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Hydrophytes, 4D-printed aquatic ‘plants’ for the future

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Tentacles wiggle. Filaments expand. Tails spiral. Looking like coral polyps, sea pens, crustaceans, and other colorful aquatic lifeforms, these multi-material 3D printed ‘plants’ come alive. Triggered by air that’s pumped into and through their parts, their movements are a ‘tangible animation’ that drives Hydrophytes, a project by Wellington, New Zealand-based industrial designer Nicole Hone.

The goal of Hone’s research: Designing and choreographing movement through 4D printing. The additional dimension includes changes over time that assist in creating an illusion of life. From her site:

The designs utilise Stratasys PolyJet technology that allows blends of rigid and flexible resins known as digital materials. Sealed chambers allow the 4D prints to activate independently through pneumatic inflation. The Hydrophytes illustrate a range of multifaceted, variable movements whose life-like qualities are unique to the behaviour of digital materials.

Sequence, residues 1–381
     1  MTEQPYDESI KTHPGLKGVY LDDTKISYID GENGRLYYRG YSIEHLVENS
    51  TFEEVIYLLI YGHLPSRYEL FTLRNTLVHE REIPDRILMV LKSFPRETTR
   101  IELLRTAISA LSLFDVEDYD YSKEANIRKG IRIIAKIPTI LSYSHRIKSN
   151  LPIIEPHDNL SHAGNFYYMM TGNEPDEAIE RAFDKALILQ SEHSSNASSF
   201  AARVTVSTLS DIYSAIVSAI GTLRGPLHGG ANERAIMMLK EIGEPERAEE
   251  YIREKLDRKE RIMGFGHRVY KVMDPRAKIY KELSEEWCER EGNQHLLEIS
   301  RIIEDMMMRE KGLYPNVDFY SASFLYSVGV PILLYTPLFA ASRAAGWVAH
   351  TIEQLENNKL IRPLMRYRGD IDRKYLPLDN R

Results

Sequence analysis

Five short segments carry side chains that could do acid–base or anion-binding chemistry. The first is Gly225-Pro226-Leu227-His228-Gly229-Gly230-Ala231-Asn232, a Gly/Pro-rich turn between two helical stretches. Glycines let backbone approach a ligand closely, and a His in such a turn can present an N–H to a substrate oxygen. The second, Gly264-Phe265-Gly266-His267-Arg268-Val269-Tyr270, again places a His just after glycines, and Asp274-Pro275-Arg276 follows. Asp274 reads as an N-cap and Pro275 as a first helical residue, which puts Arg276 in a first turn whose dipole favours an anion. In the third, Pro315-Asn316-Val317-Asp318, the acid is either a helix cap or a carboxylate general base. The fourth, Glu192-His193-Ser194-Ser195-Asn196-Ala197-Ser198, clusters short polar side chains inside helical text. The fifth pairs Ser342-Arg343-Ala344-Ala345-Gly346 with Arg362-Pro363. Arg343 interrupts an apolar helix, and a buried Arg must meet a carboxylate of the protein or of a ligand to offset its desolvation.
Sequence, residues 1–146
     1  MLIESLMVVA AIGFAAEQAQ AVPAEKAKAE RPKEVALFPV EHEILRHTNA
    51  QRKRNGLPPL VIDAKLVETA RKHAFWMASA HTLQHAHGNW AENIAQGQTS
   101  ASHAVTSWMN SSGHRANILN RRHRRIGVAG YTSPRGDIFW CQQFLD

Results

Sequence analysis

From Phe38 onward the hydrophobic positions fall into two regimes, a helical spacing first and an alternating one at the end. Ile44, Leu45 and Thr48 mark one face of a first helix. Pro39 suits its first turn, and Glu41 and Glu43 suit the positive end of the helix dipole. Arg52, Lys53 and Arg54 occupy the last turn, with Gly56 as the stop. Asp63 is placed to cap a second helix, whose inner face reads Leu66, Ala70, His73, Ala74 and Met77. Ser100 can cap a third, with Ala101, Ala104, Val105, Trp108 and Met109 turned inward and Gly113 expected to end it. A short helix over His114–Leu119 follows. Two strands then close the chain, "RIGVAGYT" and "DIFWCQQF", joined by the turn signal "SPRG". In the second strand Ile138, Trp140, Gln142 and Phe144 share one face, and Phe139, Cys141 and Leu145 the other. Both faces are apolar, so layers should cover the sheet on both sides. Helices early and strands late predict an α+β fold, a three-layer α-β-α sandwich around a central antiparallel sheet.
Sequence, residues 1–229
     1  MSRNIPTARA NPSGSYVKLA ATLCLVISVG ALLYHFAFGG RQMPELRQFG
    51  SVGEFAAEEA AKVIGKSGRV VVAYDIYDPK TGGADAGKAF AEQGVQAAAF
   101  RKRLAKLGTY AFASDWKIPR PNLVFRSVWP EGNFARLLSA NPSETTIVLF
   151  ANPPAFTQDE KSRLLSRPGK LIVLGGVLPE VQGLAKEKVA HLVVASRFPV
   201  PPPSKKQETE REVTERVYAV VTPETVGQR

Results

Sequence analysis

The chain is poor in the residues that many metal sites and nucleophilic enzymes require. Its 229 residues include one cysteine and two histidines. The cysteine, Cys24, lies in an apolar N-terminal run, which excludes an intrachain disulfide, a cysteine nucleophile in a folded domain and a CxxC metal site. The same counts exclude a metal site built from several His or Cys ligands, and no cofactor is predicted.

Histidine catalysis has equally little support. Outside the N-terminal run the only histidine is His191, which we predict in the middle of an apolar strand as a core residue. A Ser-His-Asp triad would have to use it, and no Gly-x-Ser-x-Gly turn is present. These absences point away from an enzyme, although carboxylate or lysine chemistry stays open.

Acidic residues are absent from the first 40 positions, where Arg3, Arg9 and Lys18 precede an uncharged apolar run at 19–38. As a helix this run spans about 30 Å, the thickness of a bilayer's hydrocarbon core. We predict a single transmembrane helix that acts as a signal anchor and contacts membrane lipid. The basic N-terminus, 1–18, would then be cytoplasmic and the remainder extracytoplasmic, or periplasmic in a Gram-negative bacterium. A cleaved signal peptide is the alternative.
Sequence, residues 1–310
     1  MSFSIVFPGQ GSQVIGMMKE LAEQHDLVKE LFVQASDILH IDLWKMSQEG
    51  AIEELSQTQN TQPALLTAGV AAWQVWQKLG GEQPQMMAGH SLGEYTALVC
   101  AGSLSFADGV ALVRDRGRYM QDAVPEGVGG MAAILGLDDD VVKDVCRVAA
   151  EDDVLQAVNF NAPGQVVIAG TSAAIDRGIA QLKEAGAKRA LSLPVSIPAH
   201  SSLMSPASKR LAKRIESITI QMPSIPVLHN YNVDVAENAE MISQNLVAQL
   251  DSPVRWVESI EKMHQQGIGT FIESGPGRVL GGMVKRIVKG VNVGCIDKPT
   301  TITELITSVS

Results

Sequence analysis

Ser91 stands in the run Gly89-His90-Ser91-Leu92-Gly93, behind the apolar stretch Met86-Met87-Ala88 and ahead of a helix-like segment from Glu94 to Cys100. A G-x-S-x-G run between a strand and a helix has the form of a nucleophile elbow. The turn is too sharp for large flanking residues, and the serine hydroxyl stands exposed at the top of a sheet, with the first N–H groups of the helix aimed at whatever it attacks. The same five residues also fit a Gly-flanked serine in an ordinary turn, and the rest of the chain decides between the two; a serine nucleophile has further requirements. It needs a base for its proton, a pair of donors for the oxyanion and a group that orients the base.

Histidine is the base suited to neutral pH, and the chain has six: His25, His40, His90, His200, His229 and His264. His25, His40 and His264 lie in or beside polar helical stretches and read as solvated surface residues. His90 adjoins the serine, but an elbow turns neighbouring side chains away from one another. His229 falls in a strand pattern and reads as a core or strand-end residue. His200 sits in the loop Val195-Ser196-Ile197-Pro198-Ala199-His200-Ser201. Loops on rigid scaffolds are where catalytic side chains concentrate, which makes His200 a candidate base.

These Computer-Generated Objects (CGO) take advantage of both the digital world, with its versatility and efficiency in form-making, and the physical world, where objects can respond to the environment, humans and other printed objects. This balance between controlled design and uncontrolled natural interaction leads to the creation of compelling organic performances.

The project is a continuation of Hone’s exploration into independently moving 3D-printed objects. The video below, Synthetic Jellies, is an earlier project set to Mr. Rogers-like music.

Related projects on this site include these Liquid Printed Pneumatics, Dancing Paper, 8bit Harmonica, and Musical Umbrella, and Sticky Actuator: Inflatable stick-on pouch motors.

via Colossal.

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